Certain minor peculiarities of language are used unconsciously by poets. If such peculiarities appear in the works of more than one poet, they are likely to reflect the language in common use during the poets’ time. However, if they appear in the work of only one poet, they are likely to be personal idiosyncrasies. As such, they can provide a kind of “fingerprint” that allows scholars, by comparing a poem of previously unknown authorship to the work of a particular known poet, to identify the poem as the work of that poet.

For which one of the following reasons can the test described above never provide conclusive proof of the authorship of any poem?

[A]. The labor of analyzing peculiarities of language both in the work of a known poet and in a poem of unknown authorship would not be undertaken unless other evidence already suggested that the poem of unknown authorship was written by the known poet.
[B]. A peculiarity of language that might be used as an identifying mark is likely to be widely scattered in the work of a poet, so that a single poem not known to have been written by that poet might not include that peculiarity.
[C]. A peculiarity of language in a poem of unknown authorship could be evidence either that the poem was written by the one author known to use that peculiarity or that the peculiarity was not unique to that author.
[D]. Minor peculiarities of language contribute far less to the literary effect of any poem than such factors as poetic form, subject matter, and deliberately chosen wording.
[E]. A poet’s use of some peculiarities of language might have been unconscious in some poems and conscious in other poems, and the two uses would be indistinguishable to scholars at a later date.
Answer: C

According to the passage, personal linguistic idiosyncrasies can be used to identify a poet’s work. So if a poem of unknown authorship shares personal quirks with other poems whose author is known, then all the poems must have the same author; thus, we can identify the author of the previously anonymous poem. Why isn’t this test conclusive? Consider (C): It’s always possible that the peculiarity isn’t unique to one author. Perhaps it was an error to identify the peculiarity as a personal idiosyncrasy; perhaps the previously unknown author had the same peculiarity. We wouldn’t have known this, because the author was unknown. Thus it’s possible that any supposedly unique peculiarity is shared by other, unknown authors, and no linguistic peculiarities by themselves can conclusively prove the authorship of a poem.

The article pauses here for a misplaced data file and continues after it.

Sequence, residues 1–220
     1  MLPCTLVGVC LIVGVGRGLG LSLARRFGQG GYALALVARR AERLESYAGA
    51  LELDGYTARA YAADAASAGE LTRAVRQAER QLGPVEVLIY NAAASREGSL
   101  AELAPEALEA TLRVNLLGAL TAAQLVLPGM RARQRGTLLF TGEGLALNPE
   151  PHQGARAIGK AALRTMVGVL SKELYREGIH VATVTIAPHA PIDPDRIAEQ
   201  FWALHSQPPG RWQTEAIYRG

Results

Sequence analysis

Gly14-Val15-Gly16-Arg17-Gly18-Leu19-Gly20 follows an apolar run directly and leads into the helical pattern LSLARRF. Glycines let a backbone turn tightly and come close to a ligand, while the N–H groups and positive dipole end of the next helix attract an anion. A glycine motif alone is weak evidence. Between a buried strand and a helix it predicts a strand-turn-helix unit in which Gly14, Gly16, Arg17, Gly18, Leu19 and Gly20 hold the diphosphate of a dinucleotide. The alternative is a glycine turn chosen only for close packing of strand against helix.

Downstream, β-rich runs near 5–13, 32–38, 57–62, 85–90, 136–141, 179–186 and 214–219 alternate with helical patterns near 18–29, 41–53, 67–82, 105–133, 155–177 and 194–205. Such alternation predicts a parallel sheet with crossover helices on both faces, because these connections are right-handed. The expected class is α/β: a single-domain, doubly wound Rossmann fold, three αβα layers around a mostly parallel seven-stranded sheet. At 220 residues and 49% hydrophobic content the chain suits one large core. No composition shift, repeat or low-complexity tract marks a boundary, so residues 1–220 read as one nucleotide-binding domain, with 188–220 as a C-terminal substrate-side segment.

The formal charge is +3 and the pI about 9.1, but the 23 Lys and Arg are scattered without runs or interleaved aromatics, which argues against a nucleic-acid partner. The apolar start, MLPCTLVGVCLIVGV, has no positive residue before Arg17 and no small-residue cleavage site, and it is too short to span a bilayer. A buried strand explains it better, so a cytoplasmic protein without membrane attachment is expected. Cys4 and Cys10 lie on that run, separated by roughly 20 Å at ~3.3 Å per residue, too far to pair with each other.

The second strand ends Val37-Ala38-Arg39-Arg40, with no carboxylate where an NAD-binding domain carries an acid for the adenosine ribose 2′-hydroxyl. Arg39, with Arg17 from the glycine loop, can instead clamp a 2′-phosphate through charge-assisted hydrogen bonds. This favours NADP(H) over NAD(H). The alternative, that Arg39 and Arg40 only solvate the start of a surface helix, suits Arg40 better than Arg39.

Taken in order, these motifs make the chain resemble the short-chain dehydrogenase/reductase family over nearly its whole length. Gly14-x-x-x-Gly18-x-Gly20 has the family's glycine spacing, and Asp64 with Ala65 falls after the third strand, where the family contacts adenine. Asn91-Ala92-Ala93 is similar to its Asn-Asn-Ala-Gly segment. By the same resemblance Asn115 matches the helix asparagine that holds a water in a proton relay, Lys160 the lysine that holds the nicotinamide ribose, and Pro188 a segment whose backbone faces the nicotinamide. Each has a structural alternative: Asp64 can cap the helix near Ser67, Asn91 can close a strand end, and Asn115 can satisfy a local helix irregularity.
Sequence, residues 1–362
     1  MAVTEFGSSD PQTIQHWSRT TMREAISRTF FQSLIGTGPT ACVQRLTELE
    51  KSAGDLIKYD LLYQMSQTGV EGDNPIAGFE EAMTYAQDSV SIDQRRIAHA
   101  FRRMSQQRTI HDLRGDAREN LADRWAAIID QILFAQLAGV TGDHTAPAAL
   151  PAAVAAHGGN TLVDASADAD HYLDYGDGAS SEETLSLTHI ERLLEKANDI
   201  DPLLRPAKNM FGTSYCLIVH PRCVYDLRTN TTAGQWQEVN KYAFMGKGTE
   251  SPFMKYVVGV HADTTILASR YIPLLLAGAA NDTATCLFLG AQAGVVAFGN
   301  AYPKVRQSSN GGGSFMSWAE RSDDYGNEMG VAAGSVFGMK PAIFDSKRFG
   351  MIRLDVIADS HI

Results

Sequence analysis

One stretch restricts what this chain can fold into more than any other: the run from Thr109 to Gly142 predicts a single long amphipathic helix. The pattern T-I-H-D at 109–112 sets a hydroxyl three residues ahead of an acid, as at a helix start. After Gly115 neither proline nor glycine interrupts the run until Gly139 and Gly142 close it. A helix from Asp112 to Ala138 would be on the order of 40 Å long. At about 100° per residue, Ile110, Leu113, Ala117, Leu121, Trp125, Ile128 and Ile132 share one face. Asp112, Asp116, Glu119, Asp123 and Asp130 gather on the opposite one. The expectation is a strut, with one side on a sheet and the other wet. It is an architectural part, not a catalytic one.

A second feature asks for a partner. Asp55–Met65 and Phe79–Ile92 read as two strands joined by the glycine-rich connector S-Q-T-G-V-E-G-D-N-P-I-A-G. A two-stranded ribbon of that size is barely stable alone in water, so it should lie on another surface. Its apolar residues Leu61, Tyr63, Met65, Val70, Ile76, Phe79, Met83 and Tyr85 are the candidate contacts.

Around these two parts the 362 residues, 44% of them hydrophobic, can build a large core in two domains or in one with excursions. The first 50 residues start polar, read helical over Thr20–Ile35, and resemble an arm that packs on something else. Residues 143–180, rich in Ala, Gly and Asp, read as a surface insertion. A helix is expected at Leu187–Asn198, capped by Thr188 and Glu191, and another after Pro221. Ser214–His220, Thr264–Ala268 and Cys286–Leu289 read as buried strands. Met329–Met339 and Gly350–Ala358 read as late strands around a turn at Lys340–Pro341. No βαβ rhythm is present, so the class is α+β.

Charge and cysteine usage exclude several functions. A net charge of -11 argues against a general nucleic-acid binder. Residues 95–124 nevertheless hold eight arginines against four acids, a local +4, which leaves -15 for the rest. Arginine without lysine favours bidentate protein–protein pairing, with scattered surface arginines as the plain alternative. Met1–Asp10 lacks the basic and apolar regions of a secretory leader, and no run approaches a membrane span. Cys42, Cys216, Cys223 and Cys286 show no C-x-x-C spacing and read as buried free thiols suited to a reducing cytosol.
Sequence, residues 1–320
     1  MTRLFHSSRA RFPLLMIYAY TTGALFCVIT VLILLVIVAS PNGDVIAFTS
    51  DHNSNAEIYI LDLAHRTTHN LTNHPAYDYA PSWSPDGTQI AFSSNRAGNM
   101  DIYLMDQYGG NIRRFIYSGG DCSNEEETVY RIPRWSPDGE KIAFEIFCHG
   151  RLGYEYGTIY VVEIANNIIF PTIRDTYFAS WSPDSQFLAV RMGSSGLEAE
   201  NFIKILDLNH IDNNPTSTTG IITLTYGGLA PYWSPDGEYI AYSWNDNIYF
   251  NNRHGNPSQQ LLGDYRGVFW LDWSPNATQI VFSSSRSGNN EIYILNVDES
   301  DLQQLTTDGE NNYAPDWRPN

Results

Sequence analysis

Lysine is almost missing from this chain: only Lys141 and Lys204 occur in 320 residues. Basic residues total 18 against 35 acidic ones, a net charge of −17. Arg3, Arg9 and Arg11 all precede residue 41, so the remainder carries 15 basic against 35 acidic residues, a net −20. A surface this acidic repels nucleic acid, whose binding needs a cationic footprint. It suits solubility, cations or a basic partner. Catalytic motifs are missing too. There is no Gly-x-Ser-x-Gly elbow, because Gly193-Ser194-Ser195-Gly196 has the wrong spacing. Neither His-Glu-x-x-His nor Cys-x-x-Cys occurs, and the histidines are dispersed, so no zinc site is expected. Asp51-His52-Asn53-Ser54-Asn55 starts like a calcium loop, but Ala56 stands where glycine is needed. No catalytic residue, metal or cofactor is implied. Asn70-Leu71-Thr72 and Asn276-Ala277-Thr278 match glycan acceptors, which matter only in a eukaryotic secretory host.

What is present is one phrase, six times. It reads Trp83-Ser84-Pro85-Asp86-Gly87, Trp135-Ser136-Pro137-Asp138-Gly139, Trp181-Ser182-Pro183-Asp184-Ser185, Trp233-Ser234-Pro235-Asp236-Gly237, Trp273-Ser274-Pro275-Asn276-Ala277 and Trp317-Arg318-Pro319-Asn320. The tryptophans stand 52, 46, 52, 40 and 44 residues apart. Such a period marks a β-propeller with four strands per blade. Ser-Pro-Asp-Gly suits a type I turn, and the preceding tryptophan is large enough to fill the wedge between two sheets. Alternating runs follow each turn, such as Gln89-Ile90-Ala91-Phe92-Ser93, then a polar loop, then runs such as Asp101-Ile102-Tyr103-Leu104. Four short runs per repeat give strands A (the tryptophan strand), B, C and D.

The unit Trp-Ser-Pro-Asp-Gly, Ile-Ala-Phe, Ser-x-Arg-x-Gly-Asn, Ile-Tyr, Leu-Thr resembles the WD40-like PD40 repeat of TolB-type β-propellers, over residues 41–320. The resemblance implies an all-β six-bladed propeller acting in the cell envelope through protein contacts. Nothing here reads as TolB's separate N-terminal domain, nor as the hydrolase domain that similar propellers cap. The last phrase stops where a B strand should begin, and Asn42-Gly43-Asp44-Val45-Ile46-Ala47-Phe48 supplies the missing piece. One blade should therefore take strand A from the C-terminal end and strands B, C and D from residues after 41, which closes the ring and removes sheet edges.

(A) says that the approach would only be used in certain circumstances, but doesn’t point to any reason why the approach, when used, is inconclusive.

(B) may be true, but the passage never claimed the technique can be used to identify the author of every poem discovered, only that it works in cases where the peculiarity actually appears in a poem of unknown authorship.

(D) The “literary effect” that a poem has is beyond the scope; we’re only interested in identification.

(E) It doesn’t matter whether or not the usages were conscious; the issue is whether the usages are unique to certain authors.

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